The League

Fantasy Check

Fantasy football hits small screen

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A few years ago around this time, I wrote a story about how fantasy football was moving from a niche hobby into the mainstream and that even Hollywood wanted a part in its expanding popularity.

On Thursday night, FX Network became the lastest player in the entertainment industry to join the fantasy revolution with the premiere of "The League." The half-hour comedy is about several friends in a fantasy football league and how the addictive hobby tugs at their lives and thus the lives of their wives, girlfriends and whomever else may get in the way of their football gratification.

"What could be better than to explore male dynamics with the ultimate male social unit, which is fantasy sports," Jackie Marcus Schaffer, one of the show's co-creators, said in a telephone interview from Los Angeles. "It's the book club and the cooking club for men and [also] women, and when I started doing the research . . . it seemed like the perfect backdrop to do an ensemble comedy with a group of young guys."

Although the characters in the "The League" are fictional, the concept for the show spawned from a first-hand fantasy football episode in the lives of Marcus Schaffer and her husband Jeff Schaffer, the other co-creator whose credits include "Curb Your Enthusiasm." The husband-wife team also serve as executive producers.

"One of the stories that sort of led to this happening is we were on vacation in the French Alps having a lovely, romantic trip, and Jeff kept running outside from this beautiful restaurant on Christmas Eve to check scores on his BlackBerry," Marcus Schaffer said. "He was in the Super Bowl of two separate leagues that year, and he could not stay away. He had to know what was going on."

Sound familiar? Many fantasy football enthusiasts no doubt have encountered similar circumstances trying to check the status of their teams at a wedding, funeral or any other formal event at which constant viewing of a mobile device would be considered a severe breach of ettiquette.

"At the most inconvenient times, fantasy rears its ugly head," said Marcus Schaffer, a Georgetown graduate whose other projects include "Old School" and "Disturbia."

Washington Post advice columnist Carolyn Hax even discussed one of those absurd fantasy football moments in her hugely popular online chat when presented with this comment:

"Last week my husband wrote me an e-mail at work to ask me if I would mind moving the appointment we currently have to induce our daughter (I am due next week) to a later time that evening . . . to ACCOMMODATE his fantasy football league draft that evening!!! I would just like you to know that I am not in jail right now and very proud of myself."

The best part of the exchange was Carolyn's response: "Hey, isn't that the beauty of inducing? You can schedule it?"

It's exactly those uncomfortable situations that make the "The League" so much fun to watch. It has mass appeal because most of the estimated 20 to 30 million who play fantasy football have resorted to nefarious means for the sake of their teams.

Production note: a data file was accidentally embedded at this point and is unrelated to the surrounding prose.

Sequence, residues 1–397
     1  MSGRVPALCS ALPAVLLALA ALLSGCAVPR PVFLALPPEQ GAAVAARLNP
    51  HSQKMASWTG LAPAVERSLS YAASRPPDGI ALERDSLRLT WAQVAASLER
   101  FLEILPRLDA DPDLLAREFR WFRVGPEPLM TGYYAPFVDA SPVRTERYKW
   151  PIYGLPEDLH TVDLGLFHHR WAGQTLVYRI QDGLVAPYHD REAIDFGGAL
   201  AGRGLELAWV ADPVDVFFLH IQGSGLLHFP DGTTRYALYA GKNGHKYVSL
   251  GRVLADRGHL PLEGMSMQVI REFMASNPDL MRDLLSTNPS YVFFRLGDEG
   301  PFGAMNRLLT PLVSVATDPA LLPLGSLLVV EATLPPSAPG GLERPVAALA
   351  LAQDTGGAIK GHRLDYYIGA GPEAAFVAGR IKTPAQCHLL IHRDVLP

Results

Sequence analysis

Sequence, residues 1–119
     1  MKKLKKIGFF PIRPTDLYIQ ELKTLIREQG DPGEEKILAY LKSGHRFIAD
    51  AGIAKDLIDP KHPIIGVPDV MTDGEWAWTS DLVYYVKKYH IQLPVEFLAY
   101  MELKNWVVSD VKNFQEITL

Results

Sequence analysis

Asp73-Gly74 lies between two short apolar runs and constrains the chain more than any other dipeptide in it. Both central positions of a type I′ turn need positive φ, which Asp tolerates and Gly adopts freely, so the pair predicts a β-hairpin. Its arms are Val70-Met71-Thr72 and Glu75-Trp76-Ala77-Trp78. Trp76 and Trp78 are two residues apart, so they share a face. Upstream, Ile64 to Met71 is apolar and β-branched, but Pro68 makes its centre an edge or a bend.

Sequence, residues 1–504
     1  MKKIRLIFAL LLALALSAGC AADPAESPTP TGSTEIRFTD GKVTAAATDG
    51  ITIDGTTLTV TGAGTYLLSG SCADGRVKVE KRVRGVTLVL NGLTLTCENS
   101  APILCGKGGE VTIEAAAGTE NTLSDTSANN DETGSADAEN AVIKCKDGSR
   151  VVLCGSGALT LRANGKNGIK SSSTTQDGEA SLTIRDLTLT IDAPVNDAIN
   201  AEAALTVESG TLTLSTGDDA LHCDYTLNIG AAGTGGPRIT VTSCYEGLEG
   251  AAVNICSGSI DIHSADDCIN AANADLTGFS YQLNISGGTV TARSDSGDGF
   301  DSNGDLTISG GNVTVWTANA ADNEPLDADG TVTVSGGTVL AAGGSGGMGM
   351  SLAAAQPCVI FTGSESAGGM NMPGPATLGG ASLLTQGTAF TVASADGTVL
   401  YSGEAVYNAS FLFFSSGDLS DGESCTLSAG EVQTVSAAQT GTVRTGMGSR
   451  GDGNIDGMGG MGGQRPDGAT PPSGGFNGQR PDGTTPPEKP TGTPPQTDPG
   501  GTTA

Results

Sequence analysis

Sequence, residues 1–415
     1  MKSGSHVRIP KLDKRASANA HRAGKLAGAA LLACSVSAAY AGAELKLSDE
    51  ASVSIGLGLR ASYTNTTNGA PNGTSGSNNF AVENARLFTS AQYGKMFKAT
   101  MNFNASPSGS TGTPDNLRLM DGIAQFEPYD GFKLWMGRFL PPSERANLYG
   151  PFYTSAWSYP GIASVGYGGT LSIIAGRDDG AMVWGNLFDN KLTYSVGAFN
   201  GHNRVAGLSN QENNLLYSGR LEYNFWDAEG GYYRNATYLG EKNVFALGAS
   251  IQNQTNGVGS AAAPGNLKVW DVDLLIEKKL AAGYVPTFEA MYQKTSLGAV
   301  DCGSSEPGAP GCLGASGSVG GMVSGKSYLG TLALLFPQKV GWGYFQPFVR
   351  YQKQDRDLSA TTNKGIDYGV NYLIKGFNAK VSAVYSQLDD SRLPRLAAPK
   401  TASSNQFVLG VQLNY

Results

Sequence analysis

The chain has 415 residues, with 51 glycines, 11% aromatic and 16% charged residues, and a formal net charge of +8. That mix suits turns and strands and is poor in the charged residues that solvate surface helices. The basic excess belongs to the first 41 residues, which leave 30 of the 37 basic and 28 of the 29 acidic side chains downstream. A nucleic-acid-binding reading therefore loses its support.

Take Episode 1, for instance, in which one of the central characters must confront the unfortunate reality that his wife thought he wasn't going to play fantasy football this year. Hardcore fantasy football players know relationships -- and in some cases marriages -- have ended for less.

Then there's the scene in which a defense lawyer, speaking with the district attorney, is attempting to arrange a plea bargain for his client. Both play in the same fantasy football league, and the heated discussion includes a proposal for trading picks in exchange for leniency. In the end, the client gets five years in jail, and the lawyer loses Adrian Peterson.

"It's not necessarily based on our personal reality," Marcus Schaffer said of the show. "There's definitely some stories in the show that come from our own relationship and our lives, but I won't point out which ones. . . .

"I think some of the situations where we both sort of get in trouble for our love of sports, Jeff particularly, has caused a delimma on where to spend our time between our real life and following fantasy teams."

From concept to reality, "The League" didn't take long to get to Thursday night. The Schaffers wrote the script during the summer, the pilot was shot in July, the show got picked up in August for six episodes, and the cast and crew finished shooting on Tuesday.

"What we're really excited about is if we were to get picked up again in the future, we're excited about having a longer run of episodes to be able tell those stories," Marcus Schaffer said, "because obviously a fantasy season runs more than just six weekends. It was a real challenge to fit in all the stories that we wanted to tell in just six episodes this season. We're really looking forward to the opportunity, hopefully if the show does well, having another crack at doing more episodes."

By Gene Wang  |  October 30, 2009; 1:00 PM ET  | Category:  Fantasy Football Save & Share:  Send E-mail   Facebook   Twitter   Digg   Yahoo Buzz   Del.icio.us   StumbleUpon   Technorati  
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